Drain You
08-12-2012, 16:43
You can't expect everyone to know all of the laws all of the time, even police officers, even their Sgts. But gun laws are different, and they should have known better.

jr05
08-12-2012, 19:13
That's why we need to privatize the police to the lowest bidder.

Saves me money and things like this could never happen in private industry.

Things like this could never happen in the private industry? I assume you are kidding...because you have to know this statement is ridiculous.

Lee-online
08-12-2012, 19:29
"Ignorance of the law is no excuse"

IhRedrider
08-12-2012, 20:57
You can't expect everyone to know all of the laws all of the time, even police officers, even their Sgts.


This says that our current set of laws are to cumbersome for the average citizen if those who are paid to enforce the laws cannot keep up with our out of control legislator. OR the people we pay to enforce the law are incompetent due to ignorance.

OR maybe both?

diamondd2
08-13-2012, 04:44
"Ignorance of the law is no excuse"

That's a one way street only.

RussP
08-13-2012, 05:05
"Ignorance of the law is no excuse"That's a one way street only.What??

Sixburgh
08-13-2012, 05:12
Is there any consequences for the LEO's for doing such a thing or is it just one of those 'my bad, man' things?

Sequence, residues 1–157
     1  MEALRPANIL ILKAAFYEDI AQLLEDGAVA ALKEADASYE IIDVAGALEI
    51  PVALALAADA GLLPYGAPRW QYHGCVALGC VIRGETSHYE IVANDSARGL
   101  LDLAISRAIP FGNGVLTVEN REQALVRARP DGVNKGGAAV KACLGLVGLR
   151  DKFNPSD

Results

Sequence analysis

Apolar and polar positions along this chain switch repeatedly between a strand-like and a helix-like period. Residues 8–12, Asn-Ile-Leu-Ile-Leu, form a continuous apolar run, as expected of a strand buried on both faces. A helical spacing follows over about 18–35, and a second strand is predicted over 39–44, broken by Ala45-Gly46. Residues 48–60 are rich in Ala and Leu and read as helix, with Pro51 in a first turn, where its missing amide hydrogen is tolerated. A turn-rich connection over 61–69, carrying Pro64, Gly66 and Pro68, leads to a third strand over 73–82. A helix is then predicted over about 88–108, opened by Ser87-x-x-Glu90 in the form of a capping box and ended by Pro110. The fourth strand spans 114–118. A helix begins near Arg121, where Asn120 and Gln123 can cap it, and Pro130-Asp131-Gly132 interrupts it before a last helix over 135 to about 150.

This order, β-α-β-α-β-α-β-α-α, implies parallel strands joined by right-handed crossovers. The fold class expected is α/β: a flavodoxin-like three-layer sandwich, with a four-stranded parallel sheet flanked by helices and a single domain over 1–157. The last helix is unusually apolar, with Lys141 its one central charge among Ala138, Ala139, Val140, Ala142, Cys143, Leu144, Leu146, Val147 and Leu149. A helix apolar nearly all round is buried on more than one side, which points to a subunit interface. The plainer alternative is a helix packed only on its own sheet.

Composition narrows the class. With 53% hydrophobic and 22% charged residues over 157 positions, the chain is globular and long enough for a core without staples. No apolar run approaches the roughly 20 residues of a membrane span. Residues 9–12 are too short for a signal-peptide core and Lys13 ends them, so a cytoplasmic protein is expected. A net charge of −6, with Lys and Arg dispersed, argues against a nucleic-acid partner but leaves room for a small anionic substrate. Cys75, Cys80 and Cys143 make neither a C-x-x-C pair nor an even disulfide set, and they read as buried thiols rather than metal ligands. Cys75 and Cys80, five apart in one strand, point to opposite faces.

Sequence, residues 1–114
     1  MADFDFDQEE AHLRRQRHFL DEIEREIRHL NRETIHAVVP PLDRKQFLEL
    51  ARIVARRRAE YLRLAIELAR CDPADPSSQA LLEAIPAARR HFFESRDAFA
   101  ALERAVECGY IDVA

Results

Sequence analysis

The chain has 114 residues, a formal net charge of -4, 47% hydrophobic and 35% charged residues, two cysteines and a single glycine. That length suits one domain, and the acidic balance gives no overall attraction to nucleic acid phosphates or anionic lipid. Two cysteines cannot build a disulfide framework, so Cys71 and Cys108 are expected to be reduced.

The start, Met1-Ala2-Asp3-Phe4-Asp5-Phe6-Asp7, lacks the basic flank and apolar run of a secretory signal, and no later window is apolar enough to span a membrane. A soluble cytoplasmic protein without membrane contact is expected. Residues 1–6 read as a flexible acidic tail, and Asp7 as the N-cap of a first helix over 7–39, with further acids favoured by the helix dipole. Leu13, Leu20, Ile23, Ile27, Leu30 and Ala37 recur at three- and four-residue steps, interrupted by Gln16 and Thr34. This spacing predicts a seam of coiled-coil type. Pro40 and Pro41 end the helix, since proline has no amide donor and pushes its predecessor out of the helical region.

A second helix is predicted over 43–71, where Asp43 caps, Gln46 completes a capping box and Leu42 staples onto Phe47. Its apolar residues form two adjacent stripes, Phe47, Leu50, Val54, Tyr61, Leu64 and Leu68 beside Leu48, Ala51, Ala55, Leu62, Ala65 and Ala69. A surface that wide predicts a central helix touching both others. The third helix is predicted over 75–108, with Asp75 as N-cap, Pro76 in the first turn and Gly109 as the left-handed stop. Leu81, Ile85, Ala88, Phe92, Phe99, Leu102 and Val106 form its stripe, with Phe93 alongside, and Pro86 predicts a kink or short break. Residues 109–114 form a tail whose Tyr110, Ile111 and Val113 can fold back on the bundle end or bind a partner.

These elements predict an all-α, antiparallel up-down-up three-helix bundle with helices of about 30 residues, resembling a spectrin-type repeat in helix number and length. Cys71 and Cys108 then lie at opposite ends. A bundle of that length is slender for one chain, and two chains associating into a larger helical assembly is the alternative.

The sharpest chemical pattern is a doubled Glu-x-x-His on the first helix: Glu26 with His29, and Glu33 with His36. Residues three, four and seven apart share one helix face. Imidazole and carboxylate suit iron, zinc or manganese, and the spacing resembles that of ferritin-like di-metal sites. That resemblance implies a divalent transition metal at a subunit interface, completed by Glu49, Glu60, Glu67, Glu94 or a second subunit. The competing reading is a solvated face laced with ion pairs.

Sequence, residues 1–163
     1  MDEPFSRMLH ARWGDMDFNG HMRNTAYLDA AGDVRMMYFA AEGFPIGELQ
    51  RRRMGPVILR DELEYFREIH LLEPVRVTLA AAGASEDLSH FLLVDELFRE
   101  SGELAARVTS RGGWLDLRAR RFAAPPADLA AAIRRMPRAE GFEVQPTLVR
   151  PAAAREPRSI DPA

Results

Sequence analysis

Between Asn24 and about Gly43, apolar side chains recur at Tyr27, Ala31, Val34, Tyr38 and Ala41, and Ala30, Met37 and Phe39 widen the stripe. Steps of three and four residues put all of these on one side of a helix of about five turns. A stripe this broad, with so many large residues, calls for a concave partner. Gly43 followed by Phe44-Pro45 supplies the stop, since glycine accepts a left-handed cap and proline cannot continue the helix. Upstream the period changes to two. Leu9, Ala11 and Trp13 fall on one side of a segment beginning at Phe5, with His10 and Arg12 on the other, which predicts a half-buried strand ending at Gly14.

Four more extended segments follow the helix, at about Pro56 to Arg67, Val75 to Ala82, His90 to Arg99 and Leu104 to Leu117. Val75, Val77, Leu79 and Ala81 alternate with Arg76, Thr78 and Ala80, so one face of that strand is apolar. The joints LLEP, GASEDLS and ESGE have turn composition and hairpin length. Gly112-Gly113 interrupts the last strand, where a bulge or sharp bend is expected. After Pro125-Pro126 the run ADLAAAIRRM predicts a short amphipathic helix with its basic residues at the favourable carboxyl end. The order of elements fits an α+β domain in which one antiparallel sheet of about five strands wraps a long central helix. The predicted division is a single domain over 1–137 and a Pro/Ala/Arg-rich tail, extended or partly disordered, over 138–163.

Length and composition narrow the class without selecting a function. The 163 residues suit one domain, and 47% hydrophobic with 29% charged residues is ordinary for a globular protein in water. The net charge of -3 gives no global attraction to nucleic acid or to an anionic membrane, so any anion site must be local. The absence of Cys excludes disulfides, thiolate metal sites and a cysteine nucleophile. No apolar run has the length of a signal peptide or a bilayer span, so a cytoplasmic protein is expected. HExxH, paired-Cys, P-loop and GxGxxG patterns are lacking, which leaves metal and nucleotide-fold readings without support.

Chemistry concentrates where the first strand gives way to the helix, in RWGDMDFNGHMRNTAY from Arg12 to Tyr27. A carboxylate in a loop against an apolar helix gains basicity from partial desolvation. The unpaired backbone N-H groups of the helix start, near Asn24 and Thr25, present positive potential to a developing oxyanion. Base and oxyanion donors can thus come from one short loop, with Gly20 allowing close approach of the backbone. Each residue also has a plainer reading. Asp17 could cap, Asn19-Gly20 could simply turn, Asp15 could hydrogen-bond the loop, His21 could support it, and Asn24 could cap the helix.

Spiffums
08-13-2012, 06:04
Heck of a first post.
Welcome to Glock Talk.

And with a join date of 2008.

boomhower
08-13-2012, 06:25
Is there any consequences for the LEO's for doing such a thing or is it just one of those 'my bad, man' things?

He could push a civil rights suite. It's one thing for charges to be dropped due to lack if evidence for a conviction but another for being arrested when in fact the action was not illegal. Essentially a civil rights violation.


Sent from my iPhone 4S using Tapatalk

CitizenOfDreams
08-13-2012, 07:03
What??
What would happen to a civilian who restrained someone for doing something he thought was illegal?

RussP
08-13-2012, 08:13
Everyone, please, this is Carry Issues. Let's discuss the facts of this incident that is directly related to carry issues.

If you want to discuss other aspects, start a new thread in another forum.

Thanks...

Stevekozak
08-13-2012, 08:50